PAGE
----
When buying property, you can often choose between a large or small down payment. That upfront payment becomes your equity in the property, but how much should you put down?
Some loan programs allow you to pay as little as 3.5% (or even less), which may be tempting to buyers who prefer to keep their cash handy. Before you make a choice, evaluate the pros and cons of skimping on the down payment.
Advantages of a Big Down Payment
If you’re hesitant to put spare cash into a property, it may help to review some of the benefits of a sizable down payment.
- Pay less interest: When you put down more, you borrow less, and a smaller loan balance results in lower interest charges every month. By reducing interest costs, you effectively minimize the amount you pay for your property.
- Lower monthly payment: If the monthly payment is important to you, a down payment can help you secure a lower payment. Loan payment calculations are based (in part) on your loan balance, and a manageable monthly payment buys you flexibility for life’s surprises. Plus, you can keep cash flow free for other goals like another property, education funding, retirement savings, or vacations.
- Easier to qualify: When you’re having trouble qualifying for financing, bringing more money to the table may help. A healthy down payment enables you to meet lender criteria like minimum loan-to-value ratios. You may be able to qualify with a small down payment as well (VA loans might work with zero down, for example), but a significant down payment gives you more options to choose from. Additionally, putting down at least 20% could help you dodge private mortgage insurance (PMI).
- An equity cushion: With equity in your property, you have a buffer against life’s surprises. If you need cash, you might be able to access funds with a second mortgage. What’s more, when it’s time to sell, there’s even less chance that your home will be underwater (ideally, that won’t be an issue), and you have more assets to put toward your next property.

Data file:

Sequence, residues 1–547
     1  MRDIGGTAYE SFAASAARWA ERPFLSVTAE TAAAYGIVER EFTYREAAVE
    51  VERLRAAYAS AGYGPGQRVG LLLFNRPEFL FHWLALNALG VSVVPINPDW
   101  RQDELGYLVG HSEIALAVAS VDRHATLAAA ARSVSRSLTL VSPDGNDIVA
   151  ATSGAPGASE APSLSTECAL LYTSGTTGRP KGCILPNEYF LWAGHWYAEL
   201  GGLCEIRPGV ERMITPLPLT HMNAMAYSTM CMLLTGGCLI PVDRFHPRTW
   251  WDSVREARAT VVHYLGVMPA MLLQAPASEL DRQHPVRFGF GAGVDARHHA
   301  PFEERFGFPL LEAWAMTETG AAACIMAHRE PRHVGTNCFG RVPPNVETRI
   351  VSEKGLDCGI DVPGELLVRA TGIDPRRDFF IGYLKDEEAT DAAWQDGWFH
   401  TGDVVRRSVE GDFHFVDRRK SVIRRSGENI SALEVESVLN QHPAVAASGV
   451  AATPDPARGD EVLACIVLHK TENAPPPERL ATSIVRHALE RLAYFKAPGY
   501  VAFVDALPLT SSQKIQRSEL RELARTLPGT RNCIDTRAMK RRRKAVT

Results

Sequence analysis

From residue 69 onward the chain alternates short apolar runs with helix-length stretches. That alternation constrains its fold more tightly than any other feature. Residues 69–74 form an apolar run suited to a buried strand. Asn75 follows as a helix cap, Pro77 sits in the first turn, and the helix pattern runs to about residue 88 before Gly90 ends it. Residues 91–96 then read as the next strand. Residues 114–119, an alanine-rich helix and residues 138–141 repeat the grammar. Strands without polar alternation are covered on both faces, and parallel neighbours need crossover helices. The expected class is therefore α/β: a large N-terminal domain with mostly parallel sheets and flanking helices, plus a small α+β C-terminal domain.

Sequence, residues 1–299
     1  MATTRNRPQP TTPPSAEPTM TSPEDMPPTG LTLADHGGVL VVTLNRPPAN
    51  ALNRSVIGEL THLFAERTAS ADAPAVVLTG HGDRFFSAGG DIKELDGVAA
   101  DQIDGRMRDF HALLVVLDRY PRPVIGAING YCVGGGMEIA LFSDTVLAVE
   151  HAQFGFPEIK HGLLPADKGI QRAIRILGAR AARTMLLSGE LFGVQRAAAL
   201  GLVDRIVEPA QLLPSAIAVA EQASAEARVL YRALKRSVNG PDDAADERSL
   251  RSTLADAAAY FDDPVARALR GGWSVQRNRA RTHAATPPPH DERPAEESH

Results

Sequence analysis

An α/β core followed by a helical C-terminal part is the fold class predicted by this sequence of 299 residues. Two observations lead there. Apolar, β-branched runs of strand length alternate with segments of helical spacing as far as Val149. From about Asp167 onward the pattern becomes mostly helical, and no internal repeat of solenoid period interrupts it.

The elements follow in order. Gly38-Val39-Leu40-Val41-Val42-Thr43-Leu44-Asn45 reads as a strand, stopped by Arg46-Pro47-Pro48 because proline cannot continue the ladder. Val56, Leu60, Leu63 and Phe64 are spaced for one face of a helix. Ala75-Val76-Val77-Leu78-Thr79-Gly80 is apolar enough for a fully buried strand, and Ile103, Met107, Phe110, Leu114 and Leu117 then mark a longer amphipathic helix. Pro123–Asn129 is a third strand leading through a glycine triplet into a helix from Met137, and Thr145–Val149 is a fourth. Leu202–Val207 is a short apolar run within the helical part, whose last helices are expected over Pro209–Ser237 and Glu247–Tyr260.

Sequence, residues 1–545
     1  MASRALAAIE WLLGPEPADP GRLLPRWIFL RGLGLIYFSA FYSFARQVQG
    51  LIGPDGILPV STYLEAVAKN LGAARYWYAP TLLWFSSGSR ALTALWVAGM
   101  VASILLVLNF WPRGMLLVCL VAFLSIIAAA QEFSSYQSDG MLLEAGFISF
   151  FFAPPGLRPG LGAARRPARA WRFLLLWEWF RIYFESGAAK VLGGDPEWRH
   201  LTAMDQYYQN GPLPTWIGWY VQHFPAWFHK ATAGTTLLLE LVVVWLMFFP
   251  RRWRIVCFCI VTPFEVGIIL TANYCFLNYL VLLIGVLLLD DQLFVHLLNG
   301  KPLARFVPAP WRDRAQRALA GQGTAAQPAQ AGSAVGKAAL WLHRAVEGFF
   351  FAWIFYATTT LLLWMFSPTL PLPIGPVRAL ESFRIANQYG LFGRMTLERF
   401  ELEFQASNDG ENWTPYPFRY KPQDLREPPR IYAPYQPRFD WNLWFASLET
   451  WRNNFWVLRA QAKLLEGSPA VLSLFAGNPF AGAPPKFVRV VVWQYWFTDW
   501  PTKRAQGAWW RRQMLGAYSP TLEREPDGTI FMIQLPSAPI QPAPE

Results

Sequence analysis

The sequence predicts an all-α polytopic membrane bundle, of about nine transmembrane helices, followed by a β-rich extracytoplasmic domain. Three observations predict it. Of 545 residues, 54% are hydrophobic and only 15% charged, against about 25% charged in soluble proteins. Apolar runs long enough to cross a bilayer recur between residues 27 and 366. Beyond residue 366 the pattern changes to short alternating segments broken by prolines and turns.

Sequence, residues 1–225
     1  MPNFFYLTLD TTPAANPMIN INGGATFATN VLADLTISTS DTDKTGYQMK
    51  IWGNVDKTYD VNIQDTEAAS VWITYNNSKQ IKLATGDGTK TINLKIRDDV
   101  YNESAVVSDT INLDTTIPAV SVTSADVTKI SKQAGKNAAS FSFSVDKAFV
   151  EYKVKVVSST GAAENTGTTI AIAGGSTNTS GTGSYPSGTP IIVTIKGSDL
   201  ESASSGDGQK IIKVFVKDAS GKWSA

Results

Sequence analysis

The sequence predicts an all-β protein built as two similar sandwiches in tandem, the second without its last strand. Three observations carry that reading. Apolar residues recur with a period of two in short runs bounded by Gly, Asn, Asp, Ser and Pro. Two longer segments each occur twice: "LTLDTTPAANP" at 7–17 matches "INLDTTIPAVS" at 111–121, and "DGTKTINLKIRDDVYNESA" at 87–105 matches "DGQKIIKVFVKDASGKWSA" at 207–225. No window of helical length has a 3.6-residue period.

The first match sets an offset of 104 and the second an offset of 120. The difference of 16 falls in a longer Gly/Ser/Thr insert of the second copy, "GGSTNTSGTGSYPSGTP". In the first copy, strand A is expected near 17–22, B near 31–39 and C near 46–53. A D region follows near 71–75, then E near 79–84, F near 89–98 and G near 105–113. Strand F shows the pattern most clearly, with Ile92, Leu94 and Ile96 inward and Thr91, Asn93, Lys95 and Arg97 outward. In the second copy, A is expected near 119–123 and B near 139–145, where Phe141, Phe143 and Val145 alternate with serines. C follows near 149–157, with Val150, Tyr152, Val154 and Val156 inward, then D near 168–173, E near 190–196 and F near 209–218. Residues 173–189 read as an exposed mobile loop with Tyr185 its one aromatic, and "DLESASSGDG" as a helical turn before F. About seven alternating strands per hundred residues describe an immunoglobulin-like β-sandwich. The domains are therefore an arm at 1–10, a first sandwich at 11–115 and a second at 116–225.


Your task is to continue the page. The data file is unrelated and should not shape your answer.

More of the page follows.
The Appeal of a Small Down Payment
Putting down a substantial amount might be great when you have the resources and want to minimize risks. But it’s not necessarily unwise to make a small down payment. Ultimately, the best choice depends on your circumstances and how the future unfolds. There are several reasons to favor a small down payment.
- Keep cash available: Instead of putting money into your property, you may prefer to have cash available for home improvements, furniture, running your business, or other needs.
- Buy sooner: Saving enough for a 20% down payment could take a while. Starting with a small down payment allows you to buy earlier, and you can build equity by making monthly payments over the years.
Which Is Best?
Only you can decide how much to put down. Speak with the excellent real estate agents on the Atha Team as well as your mortgage lender to understand the options available to you. Then, evaluate the pros and cons, and make a decision that works best for you.
Justin Pritchard, CFP® at Approach Financial, Inc. is a fee-only financial advisor in Montrose, CO.
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Copyright 2019-2021 Keller Williams Colorado West Realty, LLC and Justin Pritchard at Approach Financial Inc. If you have a brokerage relationship with another agency, this is not intended as a solicitation. Equal opportunity housing provider. Each office is independently owned and operated. For sale by owner data not included in research findings. Sales data reflects sales from homes not limited to the Atha Team LLC. This information was gathered from Keller Williams, The National Association of Realtor, CoreLogic data analysis firm, Montrose Association of Realtors, and the Mortgage Brokers Association. This data is considered accurate, but is not guaranteed. Copyright Atha Team LLC 2019-2021. All Rights Reserved.